In 1984, he batted .259/.294/.361 for the Yanks while only taking 20 thefts in 31 tries. He split the next year between the Yanks (.197/.209/.333 in 34 games) and the World Series-winning Kansas City Royals (.243/.280/.429 in 24 games); he did not play in the postseason for KC. He had signed with the Royals as a free agent for the stretch drive on September 3rd, after being let go by New York. He played for Tiburones de La Guaira of the Venezuelan Winter League in 1985 and the club won the pennant after a mediocre regular season.

Becoming a free agent once more, he joined the Atlanta Braves in 1986 and batted .234/.276/.351 with 17 steals in 33 tries to conclude his career with a .252/.306/.343 batting line (a 79 OPS+) and 487 steals in 669 attempts. In the New Bill James Historical Baseball Abstract, he was listed as one of the 10 least frequent players to ground into double players for periods for which data is available. He was 39th all-time in steals in Major League Baseball through the 2006 season.

In 1989, he played for the Bradenton Explorers of the Senior Professional Baseball Association and hit .258 in 24 games with the club. In 1990 he played for the Daytona Beach Explorers of the Senior Professional Baseball Association. He played in 20 games and was batting .217 when the league folded.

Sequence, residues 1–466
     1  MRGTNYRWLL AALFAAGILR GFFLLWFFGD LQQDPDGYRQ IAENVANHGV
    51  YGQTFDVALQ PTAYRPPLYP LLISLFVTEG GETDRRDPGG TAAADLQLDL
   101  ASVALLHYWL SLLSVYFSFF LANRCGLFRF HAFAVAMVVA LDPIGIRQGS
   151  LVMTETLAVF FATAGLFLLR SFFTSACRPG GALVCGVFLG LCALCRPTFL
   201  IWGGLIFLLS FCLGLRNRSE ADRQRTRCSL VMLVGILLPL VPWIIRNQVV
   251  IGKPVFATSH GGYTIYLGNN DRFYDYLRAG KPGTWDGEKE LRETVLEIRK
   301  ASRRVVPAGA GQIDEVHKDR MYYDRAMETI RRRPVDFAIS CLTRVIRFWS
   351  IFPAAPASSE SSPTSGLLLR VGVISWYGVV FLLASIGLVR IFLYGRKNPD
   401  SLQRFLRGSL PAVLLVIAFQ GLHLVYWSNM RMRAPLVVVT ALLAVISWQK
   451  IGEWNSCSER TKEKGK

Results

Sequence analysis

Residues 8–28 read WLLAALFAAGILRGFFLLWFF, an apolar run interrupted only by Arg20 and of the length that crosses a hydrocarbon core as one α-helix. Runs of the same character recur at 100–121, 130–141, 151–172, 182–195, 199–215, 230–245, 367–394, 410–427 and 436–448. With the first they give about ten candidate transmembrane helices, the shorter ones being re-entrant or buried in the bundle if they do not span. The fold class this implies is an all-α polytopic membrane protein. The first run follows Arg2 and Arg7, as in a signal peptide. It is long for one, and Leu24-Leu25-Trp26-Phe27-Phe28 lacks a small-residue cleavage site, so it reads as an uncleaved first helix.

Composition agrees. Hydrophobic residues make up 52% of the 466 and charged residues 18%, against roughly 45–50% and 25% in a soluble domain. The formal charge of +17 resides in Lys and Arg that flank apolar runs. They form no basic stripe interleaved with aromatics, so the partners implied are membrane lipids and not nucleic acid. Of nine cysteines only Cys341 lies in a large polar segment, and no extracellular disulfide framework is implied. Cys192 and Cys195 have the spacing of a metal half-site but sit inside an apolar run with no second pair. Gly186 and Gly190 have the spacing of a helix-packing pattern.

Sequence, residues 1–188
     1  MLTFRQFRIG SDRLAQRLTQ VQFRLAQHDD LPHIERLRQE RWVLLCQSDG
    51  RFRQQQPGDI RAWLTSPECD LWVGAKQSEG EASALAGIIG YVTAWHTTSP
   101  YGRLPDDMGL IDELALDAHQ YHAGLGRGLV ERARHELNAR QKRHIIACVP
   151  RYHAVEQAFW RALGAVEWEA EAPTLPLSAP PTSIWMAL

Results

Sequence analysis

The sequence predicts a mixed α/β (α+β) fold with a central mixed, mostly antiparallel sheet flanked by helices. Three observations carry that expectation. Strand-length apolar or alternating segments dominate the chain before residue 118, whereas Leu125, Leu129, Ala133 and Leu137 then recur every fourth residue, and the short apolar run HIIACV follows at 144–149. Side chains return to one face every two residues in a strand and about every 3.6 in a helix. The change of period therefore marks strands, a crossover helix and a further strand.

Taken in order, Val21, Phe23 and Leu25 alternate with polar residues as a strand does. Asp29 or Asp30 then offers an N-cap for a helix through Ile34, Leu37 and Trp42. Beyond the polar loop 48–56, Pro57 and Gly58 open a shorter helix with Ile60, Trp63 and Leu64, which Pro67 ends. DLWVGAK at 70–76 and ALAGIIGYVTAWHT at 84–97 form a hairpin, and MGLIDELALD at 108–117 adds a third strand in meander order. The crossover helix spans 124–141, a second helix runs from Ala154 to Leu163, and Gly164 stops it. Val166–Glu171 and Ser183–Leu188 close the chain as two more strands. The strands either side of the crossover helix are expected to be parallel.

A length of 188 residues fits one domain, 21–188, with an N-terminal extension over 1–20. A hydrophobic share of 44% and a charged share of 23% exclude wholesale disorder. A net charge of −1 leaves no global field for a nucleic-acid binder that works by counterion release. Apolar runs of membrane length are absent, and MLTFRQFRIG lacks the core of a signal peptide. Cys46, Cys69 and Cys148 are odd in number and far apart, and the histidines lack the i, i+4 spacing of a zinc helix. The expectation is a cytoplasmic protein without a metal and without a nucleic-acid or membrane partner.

He was an outfield/Base-running Instructor for the 1996 Medicine Hat Blue Jays. Moreno later worked for the Panamanian national team for the 1999 Pan-American Games, managed Los Macheteros de Azuero in the Panamanian Winter League in 2001-02 (guiding them to a 16-25 finish, last in the four-team league, despite the top two contact hitters, Olmedo Saenz and Carlos Lee). He was selected as Assistant Manager for the 2002 Probeis All-Star Game.

He was manager of the Panamanian National Team for the 2003 Baseball World Cup, where they won a Silver Medal. One of his players that year was his son Omar Moreno Jr. He coached first base briefly for the Pirates in 2018, when Kimera Bartee was on bereavement leave.

Notable Achievements[edit]

  • 2-time NL At Bats Leader (1979 & 1980)
  • NL Triples Leader (1980)
  • 2-time NL Stolen Bases Leader (1978 & 1979)
  • 100 Runs Scored Seasons: 1 (1979)
  • 50 Stolen Bases Seasons: 5 (1977-1980 & 1982)
  • Won a World Series with the Pittsburgh Pirates in 1979

Records Held[edit]

  • Outs, season, 560, 1980

Related Sites[edit]